Location
    North Bellmore, NY
    Posts
    1,346
    Eden, thanks for clarifying. I new it was something different when working on carbon bikes.

    Aischa, I give you much credit for at least attempting to put it together.

    When your bike is all put together, best of luck with her. I have an 07 Ruby Pro and love it. My future sis n law has the 08 Ruby Elite and her 2nd ride was the Montauk Century Ride last year and did great!!!

    Happy & Safe Riding
    ~ JoAnn
    2012 Specialized Amira S-Works
    2012 Vita Elite
    2011 Specialized Dolce Elite (raffle prize) - Riva Road 155
    Ralaigh Tara Mtn Bike

  6. #6
    Join Date
    Nov 2006
    Location
    Memphis, TN
    Posts
    996
    Some stems will be a pretty tight fit. You can use some grease. A coat of grease is good for just about any part during assembly!
    Because not every fast cyclist is a toothpick...

    Brick House Blog

  7. #7
    Join Date
    Aug 2006
    Location
    Vermont
    Posts
    1,414
    Most companies don't recommend using grease on carbon at all. Apparently there is a small chance it can react with the resin. I might double check to make sure you are assembling it correctly -- I have changed the stem/handlbars, seatpost etc on my carbon bike multiple times with none of the problems you describe.

    Wait... I just reread your post... can you describe more specifically what you mean by "sliding the handlebars onto the stem"? Are you talking about a roadbike? Typically you remove the faceplate entirely, so there's no "sliding" involved... or are you talking about putting the stem onto the steerer tube??? That might require gently working it on, but it shouldn't be difficult or feel at any point like it might just not go on... If this is what you are talking about, it's probably easier to install the stem on the steerer BEFORE you attach the handlebars... if the stem and handlebars are attached, take the bars off and just work with the stem/headset. You have to make sure you align it with the wheel. Once you have that tightened down, it's a cinch to put on the bars.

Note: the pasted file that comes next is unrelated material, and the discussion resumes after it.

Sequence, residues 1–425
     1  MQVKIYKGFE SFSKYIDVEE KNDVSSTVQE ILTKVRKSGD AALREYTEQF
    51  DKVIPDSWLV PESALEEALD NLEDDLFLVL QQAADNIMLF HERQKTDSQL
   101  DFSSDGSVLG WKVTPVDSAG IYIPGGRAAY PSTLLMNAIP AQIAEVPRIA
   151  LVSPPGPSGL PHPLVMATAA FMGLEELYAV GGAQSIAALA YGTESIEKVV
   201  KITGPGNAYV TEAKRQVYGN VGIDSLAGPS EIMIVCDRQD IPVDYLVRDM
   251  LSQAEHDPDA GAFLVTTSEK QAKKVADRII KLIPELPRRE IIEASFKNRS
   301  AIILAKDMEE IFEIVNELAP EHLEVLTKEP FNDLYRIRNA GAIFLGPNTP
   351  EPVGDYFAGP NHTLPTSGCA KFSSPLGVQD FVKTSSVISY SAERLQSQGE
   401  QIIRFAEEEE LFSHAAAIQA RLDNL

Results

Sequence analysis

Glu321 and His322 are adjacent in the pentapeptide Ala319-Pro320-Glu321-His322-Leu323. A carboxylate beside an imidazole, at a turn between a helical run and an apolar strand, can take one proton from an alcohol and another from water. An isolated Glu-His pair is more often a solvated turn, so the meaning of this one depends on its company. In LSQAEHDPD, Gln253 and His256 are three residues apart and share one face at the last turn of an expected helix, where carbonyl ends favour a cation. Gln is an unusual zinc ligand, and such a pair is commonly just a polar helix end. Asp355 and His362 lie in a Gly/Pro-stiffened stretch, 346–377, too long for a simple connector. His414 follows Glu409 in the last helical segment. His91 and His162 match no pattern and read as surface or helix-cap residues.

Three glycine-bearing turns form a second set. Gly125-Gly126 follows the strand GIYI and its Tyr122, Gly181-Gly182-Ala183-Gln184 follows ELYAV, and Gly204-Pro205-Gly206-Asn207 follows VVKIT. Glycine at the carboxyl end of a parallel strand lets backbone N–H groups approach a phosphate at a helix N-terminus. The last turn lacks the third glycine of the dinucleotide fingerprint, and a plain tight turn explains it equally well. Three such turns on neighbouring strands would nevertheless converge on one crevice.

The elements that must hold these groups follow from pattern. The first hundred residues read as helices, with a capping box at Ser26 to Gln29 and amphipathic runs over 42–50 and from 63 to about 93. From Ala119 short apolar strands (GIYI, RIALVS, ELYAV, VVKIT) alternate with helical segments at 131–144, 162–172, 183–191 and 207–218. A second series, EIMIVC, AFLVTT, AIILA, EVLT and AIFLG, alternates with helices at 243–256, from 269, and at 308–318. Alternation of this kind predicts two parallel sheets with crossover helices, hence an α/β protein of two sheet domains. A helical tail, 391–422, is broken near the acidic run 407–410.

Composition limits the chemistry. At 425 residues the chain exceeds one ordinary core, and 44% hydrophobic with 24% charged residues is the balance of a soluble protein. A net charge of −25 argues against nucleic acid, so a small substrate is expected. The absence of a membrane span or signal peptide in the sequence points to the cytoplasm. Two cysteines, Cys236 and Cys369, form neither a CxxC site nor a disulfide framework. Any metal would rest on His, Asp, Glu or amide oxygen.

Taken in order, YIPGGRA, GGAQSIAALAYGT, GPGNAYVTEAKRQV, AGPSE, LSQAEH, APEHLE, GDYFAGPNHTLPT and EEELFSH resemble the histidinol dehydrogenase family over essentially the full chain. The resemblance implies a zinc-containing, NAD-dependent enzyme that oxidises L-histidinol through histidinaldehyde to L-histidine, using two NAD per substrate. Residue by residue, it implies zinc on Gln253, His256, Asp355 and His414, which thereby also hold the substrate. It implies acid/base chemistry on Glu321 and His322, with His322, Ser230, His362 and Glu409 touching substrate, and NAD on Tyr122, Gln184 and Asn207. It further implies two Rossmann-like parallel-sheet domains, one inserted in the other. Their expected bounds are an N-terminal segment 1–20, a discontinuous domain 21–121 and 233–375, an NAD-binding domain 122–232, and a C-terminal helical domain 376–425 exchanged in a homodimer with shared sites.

Last edited by VeloVT; 02-27-2009 at 05:22 PM.

  8. #8
    Join Date
    Feb 2006
    Location
    San Antonio, TX
    Posts
    2,024
    Its laudable you want to do this on your own, but this is a very expensive bike and you don't want to ruin it. I think its best if you take it to the LBS, but ask them to show you what to do. To put a stem on correctly you need to know the correct order of assembly, the correct torque to use, etc.

  9. #9
    Join Date
    Oct 2008
    Posts
    13

    Update